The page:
Harry Potter and the Half-Blood Prince: Interview with director David Yates

David Yates is the director of “Harry Potter and the Half-Blood Prince,” starring Daniel Radcliffe and Emma Watson, which is being released by Warner July 15, 2009.

Returning to the Potter Series

Director David Yates had entered the world of Harry Potter with “Harry Potter and the Order of the Phoenix,” the fifth film in the series. “I had such a great experience on the last film and was thrilled to be asked back,” he says. “I loved the sixth book. It is hugely entertaining, bringing more romance to Hogwarts than we've ever seen before combined with an intriguing uncovering of Voldemort's past that has huge implications for the rest of the series.

“Another year brings up another set of challenges for Harry, Ron and Hermione, and the older they get the more complex they become,” Yates continues. “I really enjoyed exploring deeper aspects of the characters further with Dan, Rupert (Grint) and Emma (Watson). They are really keen to push and be pushed in their roles because we all want these characters to grow and develop both with the unfolding stories and the audience.

“This represents a real progression for Harry as a character,” Yates observes. “Harry is fighting a war so when Dumbledore tells him that, with this memory, they could defeat Voldemort, that's all he needs to know. Killing Voldemort is what primarily drives Harry, so Slughorn becomes just a means to an end. It is a definite departure to see Harry Potter working this guy to get what he wants.”

On His Actors

“Jim (Broadbent) is a delight. He has a tremendous capacity for both comedy and pathos and I knew he would bring so much to the table. Slughorn is a very colorful character, and Jim wasn't afraid to take risks and try things that were heightened but still felt anchored in truth. Slughorn is also a real snob; he's only interested in talking to the most important person in the room and ignores everybody else. I thought Jim could have some fun with that and he did.

“Rupert (Grint) is such a natural comedian,” Yates affirms. “He was always coming up with surprising little things that made us all laugh. So it was a real thrill to direct him in the comedy scenes, which is something I didn't really have an opportunity to do on 'Order of the Phoenix.'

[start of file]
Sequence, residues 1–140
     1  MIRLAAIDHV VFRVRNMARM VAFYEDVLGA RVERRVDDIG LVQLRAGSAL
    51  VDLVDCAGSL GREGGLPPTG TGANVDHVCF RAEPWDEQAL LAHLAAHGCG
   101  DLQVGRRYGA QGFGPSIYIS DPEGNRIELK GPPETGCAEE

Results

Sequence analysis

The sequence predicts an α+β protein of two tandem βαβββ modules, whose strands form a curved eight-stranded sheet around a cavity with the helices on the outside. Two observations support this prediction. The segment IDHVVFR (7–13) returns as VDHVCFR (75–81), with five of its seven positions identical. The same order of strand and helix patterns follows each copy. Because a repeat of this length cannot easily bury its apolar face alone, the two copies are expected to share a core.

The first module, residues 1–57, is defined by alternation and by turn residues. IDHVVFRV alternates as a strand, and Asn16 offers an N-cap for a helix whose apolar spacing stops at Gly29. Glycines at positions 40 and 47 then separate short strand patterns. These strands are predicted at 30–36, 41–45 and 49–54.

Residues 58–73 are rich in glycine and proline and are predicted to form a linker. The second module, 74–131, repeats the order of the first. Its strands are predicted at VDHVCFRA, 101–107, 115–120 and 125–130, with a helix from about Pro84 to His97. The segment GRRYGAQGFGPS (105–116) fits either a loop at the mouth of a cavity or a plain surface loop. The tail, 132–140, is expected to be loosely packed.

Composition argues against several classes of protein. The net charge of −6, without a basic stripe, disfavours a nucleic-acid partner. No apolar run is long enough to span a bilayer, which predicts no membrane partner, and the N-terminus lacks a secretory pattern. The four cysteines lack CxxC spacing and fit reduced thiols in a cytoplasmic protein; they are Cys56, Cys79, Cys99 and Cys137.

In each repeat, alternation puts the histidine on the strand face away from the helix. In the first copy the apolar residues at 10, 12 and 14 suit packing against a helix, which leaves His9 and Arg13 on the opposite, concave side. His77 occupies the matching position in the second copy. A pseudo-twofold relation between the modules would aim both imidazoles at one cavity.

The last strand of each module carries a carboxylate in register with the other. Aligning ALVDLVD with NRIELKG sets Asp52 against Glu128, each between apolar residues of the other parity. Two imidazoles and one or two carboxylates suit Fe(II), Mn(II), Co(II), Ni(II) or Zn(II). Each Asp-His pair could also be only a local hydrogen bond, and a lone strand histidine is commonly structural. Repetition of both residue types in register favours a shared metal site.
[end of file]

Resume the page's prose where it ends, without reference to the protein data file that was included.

“Draco has always wanted to be center stage,” Yates says. “He wants to be the 'Chosen One,' the one everyone talks about, and thinks that in fulfilling the terrible mission that Voldemort has set for him, he will achieve glory. But the pressure gets to him, and we see him begin to fragment…which was fun for Tom (Felton) to play and me to direct.

“Hero (Fiennes Tiffen) is absolutely the sweetest kid you'd ever want to meet,” Yates confirms. “He took direction so well. It wasn't difficult because he's quite charismatic, so it was just a matter of switching off any emotion and letting him be very still and very calm.”

Quite the Odd Couple

One person is not amused by Lavender's overt displays of affection for Ron: Hermione, who has been holding a torch for Ron, while he remains oblivious. Yates acknowledges, “They may not seem to be a natural couple in many ways, because she is so bright and organized and serious and he appears to be none of those things. But there is something else going on that draws them together.”

The Challenges of Quidditch

In addition to the team trials, there is also an actual match between Gryffindor and Slytherin. “It was really great to work on the Quidditch scenes, which is something I didn't get to do in the last film,” Yates says. “From the start, we wanted to explore how physically demanding a sport it is, because if you're flying around on a broomstick at 60 miles-per-hour, trying to avoid Bludgers and each other, it can actually be quite dangerous. In our Quidditch, you see players colliding in mid-air and falling, so it's visceral and very fast.”